A Mathematical Model of the Sleep-Wake Cycle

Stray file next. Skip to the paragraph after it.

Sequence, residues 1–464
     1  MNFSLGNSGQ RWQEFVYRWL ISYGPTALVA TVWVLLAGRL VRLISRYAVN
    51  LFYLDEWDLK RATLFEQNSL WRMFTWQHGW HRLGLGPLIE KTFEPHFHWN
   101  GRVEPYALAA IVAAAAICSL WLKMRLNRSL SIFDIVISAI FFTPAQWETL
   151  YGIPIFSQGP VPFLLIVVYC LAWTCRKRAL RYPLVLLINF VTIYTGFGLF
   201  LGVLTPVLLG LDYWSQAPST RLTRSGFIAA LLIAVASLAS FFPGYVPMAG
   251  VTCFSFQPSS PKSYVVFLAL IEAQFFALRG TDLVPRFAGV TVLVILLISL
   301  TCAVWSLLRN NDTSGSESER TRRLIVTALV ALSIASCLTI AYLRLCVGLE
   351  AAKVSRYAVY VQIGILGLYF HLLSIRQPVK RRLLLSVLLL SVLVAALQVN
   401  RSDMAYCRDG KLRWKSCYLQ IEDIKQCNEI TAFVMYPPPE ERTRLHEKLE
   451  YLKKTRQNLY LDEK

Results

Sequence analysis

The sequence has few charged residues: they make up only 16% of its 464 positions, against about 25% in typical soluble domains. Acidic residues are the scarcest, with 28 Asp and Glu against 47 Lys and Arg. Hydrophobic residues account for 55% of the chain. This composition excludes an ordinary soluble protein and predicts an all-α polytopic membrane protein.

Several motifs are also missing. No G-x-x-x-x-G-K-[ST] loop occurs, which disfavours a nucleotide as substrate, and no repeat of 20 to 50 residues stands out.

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The daily sleep-wake cycle usually consists of three distinct states: wakefulness, non-rapid-eye-movement (NREM) and rapid-eye-movement (REM). The process of switching between different states is complex, but a common assumption is that it is regulated primarily by two processes (the circadian and the homeostatic process) via reciprocal interactions of several downstream neuron groups. These interactions not only result in often rapid transitions from one state to another, but also allow for a certain degree of bi-stability that locks the organism in a given state for some while before it switches back. In order to better understand how the behavioral states are regulated by different neuron groups, I describe how to use the S-system method for the development of a mathematical model consisting of two phases. The first phase covers the switch between wakefulness and sleep, which is controlled by the interactions between wake- and sleep-promoting neurons, whereas the second phase addresses the generation of NREM-REM alternation, which is believed to be regulated by REM-OFF and REM-ON neurons. In this set-up I interpret the circadian rhythm as external input and homeostatic regulation as a feedback controller. Both open-loop and closed-loop forms of the two-phase model are investigated and implemented. Discharging activities of the corresponding neuron groups and the switches of behavioral states are shown in the simulation results, from which we can easily identify the basic roles of wake- and sleep-promoting neurons, REM-OFF and REM-ON neurons. The special regulatory function of the neuropeptide orexin is also tested by simulation.